Conference Board makes pitch for guaranteed annual income

Posted on December 21, 2011 in Social Security Debates

Source: — Authors: – FinancialPost/news/economy
Dec 20, 2011.    Christine Dobby

As indicators stack up showing the gap between Canada’s rich and poor continues to widen, the Conference Board of Canada is calling for a renewed look at the idea of a guaranteed annual income (GAI).

A concept that is floated from time to time by advocates on both sides of the political spectrum, a guaranteed annual income would provide a minimum level of income for every individual or family, with dollars earned above that level taxed at a relatively low marginal rate.

The idea has been touted by advocates for social justice but one of its best-known champions in North America was Milton Friedman, the free-market economist who saw what is sometimes referred to as a negative income tax as a means of reducing the role of government.

In a commentary published Dec. 15, Glen Hodgson, senior vice-president and chief economist at the Conference Board, said the prospect of both economic and social gains make it the right time to reconsider this “‘big idea’ whose time has yet to arrive politically.’”

“It would be a means of providing material income support without governments telling people how to run their lives,” Mr. Hodgson said in an interview, noting that it could help reduce the disincentives to working and break down the “welfare wall” on earned income for the working poor as it could be taxed at lower marginal rates.

Past field experiments have linked the amount to measures like the low-income cut-off rates set by Statistics Canada, which consider family size as well as location.

“I think a number some place between $12,000 and $15,000 would probably be an appropriate starting place for an individual,” Mr. Hodgson said.

But some question the viability of the seemingly simple solution, which Mr. Hodgson argues could reduce cumbersome bureaucracy and address poverty directly by providing transfers through a single administrative mechanism, the income tax system.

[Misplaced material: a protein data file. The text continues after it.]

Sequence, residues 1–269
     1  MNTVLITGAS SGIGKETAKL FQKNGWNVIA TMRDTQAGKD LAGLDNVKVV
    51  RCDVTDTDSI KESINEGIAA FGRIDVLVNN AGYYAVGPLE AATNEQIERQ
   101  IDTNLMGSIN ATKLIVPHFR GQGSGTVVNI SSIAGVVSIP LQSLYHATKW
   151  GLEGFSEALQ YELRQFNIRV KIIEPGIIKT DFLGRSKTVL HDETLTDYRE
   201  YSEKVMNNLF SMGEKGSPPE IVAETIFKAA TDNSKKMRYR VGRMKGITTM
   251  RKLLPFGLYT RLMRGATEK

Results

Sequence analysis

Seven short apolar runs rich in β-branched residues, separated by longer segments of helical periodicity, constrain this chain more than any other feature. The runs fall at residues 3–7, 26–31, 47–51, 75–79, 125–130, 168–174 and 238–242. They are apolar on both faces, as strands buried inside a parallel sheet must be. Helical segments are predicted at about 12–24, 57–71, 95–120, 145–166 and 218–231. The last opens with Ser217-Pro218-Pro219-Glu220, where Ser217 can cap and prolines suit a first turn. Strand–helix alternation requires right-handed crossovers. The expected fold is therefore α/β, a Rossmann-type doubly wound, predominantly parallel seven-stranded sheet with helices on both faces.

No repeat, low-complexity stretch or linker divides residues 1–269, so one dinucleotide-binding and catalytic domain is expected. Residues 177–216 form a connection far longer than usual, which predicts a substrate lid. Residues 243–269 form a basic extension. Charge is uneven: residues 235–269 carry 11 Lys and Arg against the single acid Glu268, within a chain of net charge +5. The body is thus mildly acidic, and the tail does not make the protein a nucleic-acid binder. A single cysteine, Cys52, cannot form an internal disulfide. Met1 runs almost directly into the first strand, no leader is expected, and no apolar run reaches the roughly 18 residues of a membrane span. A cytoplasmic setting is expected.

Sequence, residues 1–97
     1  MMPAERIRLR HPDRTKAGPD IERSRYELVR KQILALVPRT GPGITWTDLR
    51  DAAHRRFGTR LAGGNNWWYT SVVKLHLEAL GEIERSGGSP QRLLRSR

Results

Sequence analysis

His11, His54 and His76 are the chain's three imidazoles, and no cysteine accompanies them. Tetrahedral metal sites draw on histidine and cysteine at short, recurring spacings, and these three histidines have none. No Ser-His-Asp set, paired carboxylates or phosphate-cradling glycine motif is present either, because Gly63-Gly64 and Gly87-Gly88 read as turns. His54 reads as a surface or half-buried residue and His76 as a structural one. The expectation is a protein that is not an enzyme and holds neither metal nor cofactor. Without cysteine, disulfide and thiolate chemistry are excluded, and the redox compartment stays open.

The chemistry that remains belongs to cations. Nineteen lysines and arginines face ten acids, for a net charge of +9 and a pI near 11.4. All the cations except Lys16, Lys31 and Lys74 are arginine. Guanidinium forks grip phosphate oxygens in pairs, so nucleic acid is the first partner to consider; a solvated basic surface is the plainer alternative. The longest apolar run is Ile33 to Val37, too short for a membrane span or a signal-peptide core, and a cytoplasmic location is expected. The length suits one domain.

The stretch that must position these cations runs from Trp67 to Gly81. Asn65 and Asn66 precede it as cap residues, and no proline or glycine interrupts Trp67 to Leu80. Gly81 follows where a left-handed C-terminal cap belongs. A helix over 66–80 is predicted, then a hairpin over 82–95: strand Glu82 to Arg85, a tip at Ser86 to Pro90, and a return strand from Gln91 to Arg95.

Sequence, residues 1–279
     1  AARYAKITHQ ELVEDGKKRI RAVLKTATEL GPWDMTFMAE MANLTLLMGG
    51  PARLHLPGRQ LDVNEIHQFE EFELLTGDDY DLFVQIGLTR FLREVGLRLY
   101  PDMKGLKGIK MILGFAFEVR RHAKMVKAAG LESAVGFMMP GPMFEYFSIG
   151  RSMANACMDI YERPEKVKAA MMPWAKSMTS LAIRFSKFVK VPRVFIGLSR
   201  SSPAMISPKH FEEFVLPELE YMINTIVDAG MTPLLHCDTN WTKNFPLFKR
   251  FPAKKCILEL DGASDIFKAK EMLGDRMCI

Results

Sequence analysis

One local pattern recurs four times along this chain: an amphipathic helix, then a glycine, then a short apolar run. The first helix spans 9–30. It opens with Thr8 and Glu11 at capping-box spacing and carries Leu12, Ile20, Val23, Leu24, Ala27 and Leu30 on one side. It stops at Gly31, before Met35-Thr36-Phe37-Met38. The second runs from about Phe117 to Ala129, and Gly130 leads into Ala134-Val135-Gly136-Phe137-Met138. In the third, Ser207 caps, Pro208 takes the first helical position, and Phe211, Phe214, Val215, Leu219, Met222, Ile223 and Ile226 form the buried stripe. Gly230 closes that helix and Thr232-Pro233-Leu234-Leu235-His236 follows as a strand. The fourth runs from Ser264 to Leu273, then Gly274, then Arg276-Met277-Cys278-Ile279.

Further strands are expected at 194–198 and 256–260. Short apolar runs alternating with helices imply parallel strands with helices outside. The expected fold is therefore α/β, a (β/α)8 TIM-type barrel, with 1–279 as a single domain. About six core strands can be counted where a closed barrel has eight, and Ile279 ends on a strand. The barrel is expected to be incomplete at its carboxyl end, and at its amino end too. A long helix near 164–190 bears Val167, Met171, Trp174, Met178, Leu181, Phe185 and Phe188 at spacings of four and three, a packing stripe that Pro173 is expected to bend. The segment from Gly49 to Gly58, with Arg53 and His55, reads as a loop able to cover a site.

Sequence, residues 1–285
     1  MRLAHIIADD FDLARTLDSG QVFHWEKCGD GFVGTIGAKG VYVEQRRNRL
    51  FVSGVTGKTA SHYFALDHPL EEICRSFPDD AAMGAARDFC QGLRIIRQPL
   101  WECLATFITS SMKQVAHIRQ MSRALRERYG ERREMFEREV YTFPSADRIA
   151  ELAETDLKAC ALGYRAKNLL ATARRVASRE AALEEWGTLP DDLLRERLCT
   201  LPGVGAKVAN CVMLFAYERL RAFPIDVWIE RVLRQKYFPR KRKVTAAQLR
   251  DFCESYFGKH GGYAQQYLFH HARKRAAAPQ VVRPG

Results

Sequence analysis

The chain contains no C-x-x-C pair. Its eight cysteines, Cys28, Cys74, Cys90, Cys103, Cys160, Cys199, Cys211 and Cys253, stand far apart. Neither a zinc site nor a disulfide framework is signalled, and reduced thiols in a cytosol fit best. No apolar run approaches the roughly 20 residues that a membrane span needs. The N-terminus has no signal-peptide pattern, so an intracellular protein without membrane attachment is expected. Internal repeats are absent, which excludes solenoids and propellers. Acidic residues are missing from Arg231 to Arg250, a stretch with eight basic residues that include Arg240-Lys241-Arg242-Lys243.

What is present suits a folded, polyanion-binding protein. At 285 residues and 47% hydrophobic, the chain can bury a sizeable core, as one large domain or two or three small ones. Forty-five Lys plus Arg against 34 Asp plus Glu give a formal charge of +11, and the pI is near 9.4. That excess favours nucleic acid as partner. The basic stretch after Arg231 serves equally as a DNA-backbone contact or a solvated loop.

“The GAI is an idea whose time is always just around the corner and probably will forever stay just around the corner,” said Finn Poschmann, vice-president of research at the C.D. Howe Institute, noting that it is difficult to make a practical case for it.

The focus should instead be on easing the transition from welfare to work, where, he said, “Most of the issues are around education and skills building, rather than income issues themselves.”

What may yet spark government interest in the idea of a GAI is savings on health care, Mr. Hodgson said.

“The link between poverty and poor health is widely documented; so if a GAI reduced the prevalence of poverty, it could create better health outcomes and help slow the rising costs of publicly-funded health care,” he said.

He pointed to a study by Evelyn Forget published in the Canadian Public Policy journal in September.

Ms. Forget analyzed a GAI field experiment called MINCOME, one of five conducted in North America between 1968 and 1980, undertaken by the government of Manitoba in the down of Dauphin from 1974 to 1975.

Using health-administration data, Ms. Forget found an 8.5% reduction in the hospitalization rates for participants, along with improved mental health and completion of secondary education.

“If the MINCOME results could be reproduced and generalized across Canadian society, a GAI might produce sizable net fiscal savings, especially for provinces,” Mr. Hodgson said.

But reproducing it on that level might be the stumbling block, Mr. Poschmann said.

“In a small and relatively homogenous community we’ve seen that there can be some good results,” he said. “In urban centres and with a much bigger mix of people and issues to deal with, the likelihood of success seems a lot smaller.”

Mr. Hodgson admitted the prospect of replacing the “smorgasbord” of social supports currently in place — along with their bureaucracies and employees —is no small task and said it would probably take a government willing to run another GAI trial on a smaller scale to get the ball rolling.

“I think governments are going to have to be much more creative going forward in a very resource-strained world,” he said.

Ken Battle, president of the Caledon Institute of Social Policy, wrote in 2008 that Canada already pursues GAI-like policies through programs like the guaranteed income supplement for low-income seniors and tax benefits for families with children. But he noted that the policies are not consistent or comprehensive.

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